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November 19, 2013


For every negative reality, there exists a positive reality and our thoughts serve as gate keepers to these realities. This is because, at any given time regardless of how happy or sad we are, we always have positive and negative thoughts in our heads, lying in wait for us to assign any of them as a possible interpretation to any experience.

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So when we experience depression, it’s because we have chosen to assign negative thoughts to our experiences. Bad things do happen in life, however depression occurs when we interpret our experiences with toxic and negative thoughts which suggest that there is no hope in sight or end to things not going our way.

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There are a number of reasons why people choose to interpret some or most of their daily experiences with negative thoughts. A common reason is the fear of disappointment, which leads to an unhealthy habit of lowering expectations. A good example, would be a person preparing for a job interview and when he is asked how he believes he is going to do on the interview he gives the answer, “probably not good.” The reason this answer is given is because of a fear in dealing with disappointment. It is understandably heart breaking to prepare extensively for something like a job interview, only to be let down with a decline from the prospective employer.

However this is life, and the paradox with disappointment is that it is one  of many paths we take towards achieving happiness in our lives. There is a saying that goes “shoot for the stars and even if you don’t reach them you might end up on the moon.” In the example given,  I would communicate to the client that it is possible for him to have a great interview and still not get hired due to office politics. However that’s okay because the more great interviews he has, the higher the likelihood of him landing an opportunity to make income.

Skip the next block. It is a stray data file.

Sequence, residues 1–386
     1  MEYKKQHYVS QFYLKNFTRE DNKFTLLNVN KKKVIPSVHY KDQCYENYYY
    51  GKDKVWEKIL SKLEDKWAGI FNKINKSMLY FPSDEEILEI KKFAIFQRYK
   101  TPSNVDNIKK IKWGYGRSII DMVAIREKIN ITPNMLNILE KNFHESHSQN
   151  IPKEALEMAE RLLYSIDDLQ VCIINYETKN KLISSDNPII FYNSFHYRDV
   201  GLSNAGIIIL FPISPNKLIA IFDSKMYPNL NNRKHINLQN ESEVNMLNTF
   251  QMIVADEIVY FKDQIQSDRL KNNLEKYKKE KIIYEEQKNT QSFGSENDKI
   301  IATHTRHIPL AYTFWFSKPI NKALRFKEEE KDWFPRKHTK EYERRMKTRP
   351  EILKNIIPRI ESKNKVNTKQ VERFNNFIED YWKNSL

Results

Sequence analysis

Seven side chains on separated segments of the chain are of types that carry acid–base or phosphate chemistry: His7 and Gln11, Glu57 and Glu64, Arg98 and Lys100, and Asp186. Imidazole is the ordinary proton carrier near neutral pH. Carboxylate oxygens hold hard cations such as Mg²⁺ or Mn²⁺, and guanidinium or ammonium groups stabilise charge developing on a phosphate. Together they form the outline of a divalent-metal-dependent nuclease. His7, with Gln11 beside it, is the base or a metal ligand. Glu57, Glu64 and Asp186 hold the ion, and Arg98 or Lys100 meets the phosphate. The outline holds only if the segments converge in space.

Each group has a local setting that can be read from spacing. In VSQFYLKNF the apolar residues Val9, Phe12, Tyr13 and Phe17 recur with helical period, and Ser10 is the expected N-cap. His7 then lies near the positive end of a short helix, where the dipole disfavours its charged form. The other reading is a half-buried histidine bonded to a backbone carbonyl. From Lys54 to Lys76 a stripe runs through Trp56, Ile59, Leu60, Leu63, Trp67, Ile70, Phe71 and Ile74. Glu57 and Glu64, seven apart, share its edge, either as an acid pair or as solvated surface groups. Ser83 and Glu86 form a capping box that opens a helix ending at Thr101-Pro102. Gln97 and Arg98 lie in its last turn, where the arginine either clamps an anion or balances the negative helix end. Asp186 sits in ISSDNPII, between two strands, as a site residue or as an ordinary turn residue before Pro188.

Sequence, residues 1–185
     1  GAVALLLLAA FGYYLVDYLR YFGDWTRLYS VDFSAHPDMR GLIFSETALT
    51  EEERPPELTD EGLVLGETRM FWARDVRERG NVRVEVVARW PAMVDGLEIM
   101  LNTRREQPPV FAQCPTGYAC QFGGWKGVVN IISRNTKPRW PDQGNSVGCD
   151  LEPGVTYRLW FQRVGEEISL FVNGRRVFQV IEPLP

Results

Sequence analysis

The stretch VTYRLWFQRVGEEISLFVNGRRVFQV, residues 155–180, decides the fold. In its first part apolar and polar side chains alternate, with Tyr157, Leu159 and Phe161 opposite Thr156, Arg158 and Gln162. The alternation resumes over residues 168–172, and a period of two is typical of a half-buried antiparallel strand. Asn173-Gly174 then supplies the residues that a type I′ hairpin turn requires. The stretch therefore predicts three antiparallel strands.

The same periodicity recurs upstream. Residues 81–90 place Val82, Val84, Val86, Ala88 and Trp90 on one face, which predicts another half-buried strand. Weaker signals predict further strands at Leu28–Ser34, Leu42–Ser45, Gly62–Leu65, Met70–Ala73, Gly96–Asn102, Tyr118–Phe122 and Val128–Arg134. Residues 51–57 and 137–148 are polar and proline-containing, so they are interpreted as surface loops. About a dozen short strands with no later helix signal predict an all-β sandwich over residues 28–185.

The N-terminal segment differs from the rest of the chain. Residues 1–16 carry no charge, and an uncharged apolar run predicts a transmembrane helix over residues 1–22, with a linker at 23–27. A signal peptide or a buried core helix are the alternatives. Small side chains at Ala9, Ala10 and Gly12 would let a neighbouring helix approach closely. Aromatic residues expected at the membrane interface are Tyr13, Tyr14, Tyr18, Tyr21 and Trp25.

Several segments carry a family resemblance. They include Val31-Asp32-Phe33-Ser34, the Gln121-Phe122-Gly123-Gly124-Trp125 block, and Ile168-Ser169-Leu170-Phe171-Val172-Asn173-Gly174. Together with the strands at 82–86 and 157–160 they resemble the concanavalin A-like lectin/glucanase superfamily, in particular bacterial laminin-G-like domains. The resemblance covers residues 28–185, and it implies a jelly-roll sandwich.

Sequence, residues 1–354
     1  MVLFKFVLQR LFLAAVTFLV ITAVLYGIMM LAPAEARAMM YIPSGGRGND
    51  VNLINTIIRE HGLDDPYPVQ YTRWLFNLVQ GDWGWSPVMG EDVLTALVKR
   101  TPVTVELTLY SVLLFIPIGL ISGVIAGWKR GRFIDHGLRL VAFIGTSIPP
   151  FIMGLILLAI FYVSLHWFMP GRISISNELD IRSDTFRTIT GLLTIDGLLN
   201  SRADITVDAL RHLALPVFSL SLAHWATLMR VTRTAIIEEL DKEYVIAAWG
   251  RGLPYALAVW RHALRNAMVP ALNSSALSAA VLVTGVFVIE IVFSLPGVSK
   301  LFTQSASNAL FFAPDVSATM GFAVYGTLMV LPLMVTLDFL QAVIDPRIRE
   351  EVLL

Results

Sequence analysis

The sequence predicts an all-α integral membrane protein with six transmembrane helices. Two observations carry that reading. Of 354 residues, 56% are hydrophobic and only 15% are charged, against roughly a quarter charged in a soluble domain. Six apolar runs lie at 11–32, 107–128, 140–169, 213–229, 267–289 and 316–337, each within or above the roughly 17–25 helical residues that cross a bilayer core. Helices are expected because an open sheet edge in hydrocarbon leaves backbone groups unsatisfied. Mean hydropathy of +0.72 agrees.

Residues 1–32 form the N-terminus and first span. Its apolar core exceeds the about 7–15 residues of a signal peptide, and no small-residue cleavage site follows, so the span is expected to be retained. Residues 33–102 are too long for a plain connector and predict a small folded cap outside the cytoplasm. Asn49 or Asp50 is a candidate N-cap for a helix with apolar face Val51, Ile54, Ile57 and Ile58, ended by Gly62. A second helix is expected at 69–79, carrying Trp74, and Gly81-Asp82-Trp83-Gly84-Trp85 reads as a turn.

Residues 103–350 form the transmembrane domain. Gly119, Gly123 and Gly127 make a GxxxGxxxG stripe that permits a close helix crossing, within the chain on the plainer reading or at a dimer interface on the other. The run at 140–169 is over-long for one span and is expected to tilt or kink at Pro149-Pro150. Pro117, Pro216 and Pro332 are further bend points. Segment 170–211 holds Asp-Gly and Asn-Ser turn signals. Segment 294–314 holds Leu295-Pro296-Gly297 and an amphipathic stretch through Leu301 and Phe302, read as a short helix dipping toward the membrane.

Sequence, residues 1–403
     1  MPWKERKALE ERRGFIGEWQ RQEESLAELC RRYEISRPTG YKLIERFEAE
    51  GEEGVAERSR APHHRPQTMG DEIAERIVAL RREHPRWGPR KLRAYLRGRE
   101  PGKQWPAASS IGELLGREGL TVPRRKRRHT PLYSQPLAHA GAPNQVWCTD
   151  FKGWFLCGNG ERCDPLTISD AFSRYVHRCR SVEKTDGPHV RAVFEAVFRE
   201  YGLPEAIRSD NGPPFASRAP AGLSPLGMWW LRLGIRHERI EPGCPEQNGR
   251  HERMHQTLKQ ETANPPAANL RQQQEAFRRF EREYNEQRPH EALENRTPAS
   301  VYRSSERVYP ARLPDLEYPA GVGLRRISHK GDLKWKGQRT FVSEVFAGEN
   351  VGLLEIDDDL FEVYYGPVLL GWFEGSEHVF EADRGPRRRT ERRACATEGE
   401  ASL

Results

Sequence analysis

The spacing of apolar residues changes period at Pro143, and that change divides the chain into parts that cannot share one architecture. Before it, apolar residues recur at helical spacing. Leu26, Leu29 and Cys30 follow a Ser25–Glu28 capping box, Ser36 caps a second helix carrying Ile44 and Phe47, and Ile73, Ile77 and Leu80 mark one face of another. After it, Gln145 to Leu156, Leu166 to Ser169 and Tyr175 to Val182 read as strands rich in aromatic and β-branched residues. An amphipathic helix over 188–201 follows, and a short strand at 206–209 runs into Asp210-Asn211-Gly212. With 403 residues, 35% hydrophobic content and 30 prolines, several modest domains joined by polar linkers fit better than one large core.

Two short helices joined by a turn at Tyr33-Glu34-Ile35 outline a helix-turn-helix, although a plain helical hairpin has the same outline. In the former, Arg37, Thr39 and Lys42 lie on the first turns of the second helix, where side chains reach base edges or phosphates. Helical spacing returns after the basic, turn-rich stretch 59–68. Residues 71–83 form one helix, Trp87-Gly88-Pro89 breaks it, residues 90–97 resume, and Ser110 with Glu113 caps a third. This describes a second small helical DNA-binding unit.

On the other hand, if he goes in with lowered expectations in order to protect himself from the hurt of disappointment, then what follows suit is a classical case of self fulfilling prophecy. In essence, once he comes to believe that his chances of getting the job is slim, his responses during the job interview would be mediocre if not poor. This is because we tend to put in less effort when we expect not to succeed. Overtime, the more failures we encounter, the more we internalize chronic failure as our reality and the more we develop a detrimental pattern of interpreting experiences solely with negative thoughts.

A healthy response see to this phenomenon is learning to deal with disappointment. The most effective way to deal with disappointment is to recognize that outcomes are not correlated directly with our efforts, but instead with a combination of knowledge, efforts and luck. It’s like when a few wealthy people insist that they made their wealth through hard work and determination. People who make these statements often fail to mention that they had access to information most people didn’t. Usually through access to excellent education and personal relationships with well informed people, not to mention the luck of being born into circumstances that allowed them access to excellent education. People with very little income work just as hard as well, and most of them are striving to increase their wealth, but are limited by what and who they know.

When dealing with disappointment, it is important to remember that doing the best you can despite the outcome has positive benefits. This is because getting into the habit of doing the best that you can, keeps you disciplined and earns you a healthy reputation as a hard worker which opens up other opportunities for you despite other things not going your way. With this in mind, it is important to note that despite dealing with disappointments, small opportunities that arise out of your positive habit of doing the best you can will also keep you in the habit being hopeful and optimistic.

Ugo is a psychotherapist and life coach.

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